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No Kidding. 5-Year Old Hacks Dad’s Xbox

Apr 08, 2014 By Sharon Solomon

Hackers and fraudsters are reaching new levels of effectiveness in locating security glitches. Almost any device that can connect to the internet has been proven to be vulnerable. But this time it’s a 5-year old American kid who has exposed a glaring vulnerability in the popular Xbox Live online gaming platform.

 

 

Kristoffer Von Hassel from San Diego apparently isn’t really interested in his Lego toys and jigsaw puzzles. The kid has spent the last few months manipulating a certain electronic gadget in his living room; his dad’s Xbox gaming console.

 

The talented kid not only managed to play online games, he also accessed and successfully hacked into the Xbox Live member account. His father Robert Davies confessed that this “in-house-hacking” has been going on for months.

 

Robert, a security information officer, was already aware of his young son’s knack for manipulating gadgets. He had previously bypassed the lock screen on his smartphone by holding down the “Home” key for an extended period. Little Kristoffer then turned to playing games he isn’t supposed to. A brief investigation revealed the whole story.

 

Kristoffer found a way to hack into his dad’s Xbox Live account. He first entered a false password, which took him to a password verification screen. But the kid was not deterred. He hit the space-bar several times and then followed it up by hitting the “Enter” button. The aforementioned security glitch then let him into the system with full access.

 

The father alerted Microsoft security officials, who have since patched up the issue. Kristoffer received a decent booster for his efforts – four free Xbox games, $50 in cash and a year-long subscription to Xbox Live. The tech-savvy kid has also been acknowledged as a “security researcher” on the Microsoft website.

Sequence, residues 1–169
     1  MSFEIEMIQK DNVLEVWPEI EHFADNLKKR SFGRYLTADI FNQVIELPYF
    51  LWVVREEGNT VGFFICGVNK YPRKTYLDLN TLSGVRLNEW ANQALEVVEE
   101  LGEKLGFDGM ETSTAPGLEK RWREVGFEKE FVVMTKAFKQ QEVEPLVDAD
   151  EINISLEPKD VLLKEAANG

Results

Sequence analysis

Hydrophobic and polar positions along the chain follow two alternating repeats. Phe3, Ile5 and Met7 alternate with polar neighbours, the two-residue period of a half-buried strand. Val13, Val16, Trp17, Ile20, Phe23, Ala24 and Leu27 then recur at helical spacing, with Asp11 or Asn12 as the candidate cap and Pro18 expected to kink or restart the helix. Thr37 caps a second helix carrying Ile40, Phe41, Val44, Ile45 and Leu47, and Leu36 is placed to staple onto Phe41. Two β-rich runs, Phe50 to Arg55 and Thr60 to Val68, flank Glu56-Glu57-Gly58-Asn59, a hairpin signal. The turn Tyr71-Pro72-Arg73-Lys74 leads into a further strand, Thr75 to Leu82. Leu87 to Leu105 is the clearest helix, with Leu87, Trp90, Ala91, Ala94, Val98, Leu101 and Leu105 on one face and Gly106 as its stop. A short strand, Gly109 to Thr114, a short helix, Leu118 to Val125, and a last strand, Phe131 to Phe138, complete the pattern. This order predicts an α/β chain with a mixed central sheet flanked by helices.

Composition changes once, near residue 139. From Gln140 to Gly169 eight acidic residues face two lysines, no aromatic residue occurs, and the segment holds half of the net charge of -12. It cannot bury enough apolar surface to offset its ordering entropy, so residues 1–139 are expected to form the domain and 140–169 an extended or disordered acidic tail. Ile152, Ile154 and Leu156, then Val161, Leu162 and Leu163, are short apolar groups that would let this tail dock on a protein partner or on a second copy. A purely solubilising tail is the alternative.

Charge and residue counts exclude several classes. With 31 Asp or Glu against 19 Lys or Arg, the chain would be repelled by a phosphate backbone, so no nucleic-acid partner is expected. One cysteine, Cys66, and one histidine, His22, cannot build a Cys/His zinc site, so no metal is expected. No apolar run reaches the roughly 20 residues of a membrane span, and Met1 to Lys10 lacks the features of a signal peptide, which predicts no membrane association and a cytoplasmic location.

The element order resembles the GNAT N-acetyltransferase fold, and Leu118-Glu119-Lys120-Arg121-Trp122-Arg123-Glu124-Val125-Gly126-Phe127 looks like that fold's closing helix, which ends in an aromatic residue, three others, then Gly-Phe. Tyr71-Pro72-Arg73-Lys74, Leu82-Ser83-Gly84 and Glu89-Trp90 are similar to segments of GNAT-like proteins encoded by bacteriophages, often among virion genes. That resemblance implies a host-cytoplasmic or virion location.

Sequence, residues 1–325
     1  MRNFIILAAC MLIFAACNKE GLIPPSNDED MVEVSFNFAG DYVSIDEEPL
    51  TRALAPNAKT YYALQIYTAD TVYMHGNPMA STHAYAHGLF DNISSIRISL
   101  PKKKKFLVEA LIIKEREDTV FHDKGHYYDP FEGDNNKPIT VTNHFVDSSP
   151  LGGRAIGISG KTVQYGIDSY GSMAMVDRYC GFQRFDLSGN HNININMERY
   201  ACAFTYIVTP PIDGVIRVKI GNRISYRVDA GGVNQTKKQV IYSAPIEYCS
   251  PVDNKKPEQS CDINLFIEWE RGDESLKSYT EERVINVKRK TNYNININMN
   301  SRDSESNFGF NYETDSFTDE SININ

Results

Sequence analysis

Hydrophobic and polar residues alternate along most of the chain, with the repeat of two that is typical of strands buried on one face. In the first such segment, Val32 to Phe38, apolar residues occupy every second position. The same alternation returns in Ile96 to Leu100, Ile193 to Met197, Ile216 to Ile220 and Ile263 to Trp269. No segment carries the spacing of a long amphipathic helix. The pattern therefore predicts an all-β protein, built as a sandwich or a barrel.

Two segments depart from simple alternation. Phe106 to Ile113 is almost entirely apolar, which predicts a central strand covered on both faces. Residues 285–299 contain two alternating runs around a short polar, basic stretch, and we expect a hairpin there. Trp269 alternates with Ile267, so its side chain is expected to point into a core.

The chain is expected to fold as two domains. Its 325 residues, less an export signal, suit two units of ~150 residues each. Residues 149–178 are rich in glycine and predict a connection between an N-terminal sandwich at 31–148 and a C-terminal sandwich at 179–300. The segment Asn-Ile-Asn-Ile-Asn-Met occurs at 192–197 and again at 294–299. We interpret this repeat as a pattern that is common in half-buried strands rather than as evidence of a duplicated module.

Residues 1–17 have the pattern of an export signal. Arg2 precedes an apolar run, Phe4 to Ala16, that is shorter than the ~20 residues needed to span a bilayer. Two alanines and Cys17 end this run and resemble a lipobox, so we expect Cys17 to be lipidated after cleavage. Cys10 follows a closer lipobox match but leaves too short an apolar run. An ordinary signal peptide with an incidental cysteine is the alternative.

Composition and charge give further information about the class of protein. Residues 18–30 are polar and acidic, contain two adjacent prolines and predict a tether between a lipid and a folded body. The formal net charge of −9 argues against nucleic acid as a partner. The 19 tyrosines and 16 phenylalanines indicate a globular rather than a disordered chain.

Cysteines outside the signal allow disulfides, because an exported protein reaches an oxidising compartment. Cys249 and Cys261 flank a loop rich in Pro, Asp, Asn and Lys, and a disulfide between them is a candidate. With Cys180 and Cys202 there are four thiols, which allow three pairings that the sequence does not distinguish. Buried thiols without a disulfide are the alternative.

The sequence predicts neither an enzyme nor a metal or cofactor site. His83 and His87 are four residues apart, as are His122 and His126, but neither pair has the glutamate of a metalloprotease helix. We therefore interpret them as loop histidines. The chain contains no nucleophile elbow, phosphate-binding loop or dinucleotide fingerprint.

Xbox Live is one of the world’s most popular virtual playgrounds. People from all over the world spend their hard-earned money to buy subscriptions and gain access to games, applications and digital media. Microsoft’s gaming hub currently boasts over 48 million subscriptions, making information security very crucial.

 

This security issue was probably caused by an unsecure backdoor left open by the programmers in the testing phase. If so, this is a classic case of professional negligence (lack of AppSec awareness) that could have been rectified with an automated testing solution. Source Code Analysis (SCA) is one such method, helping in the location of coding errors and unprotected data like in the case mentioned in this article.

 

Source – Boy Finds Xbox Security Bug  

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Sharon Solomon

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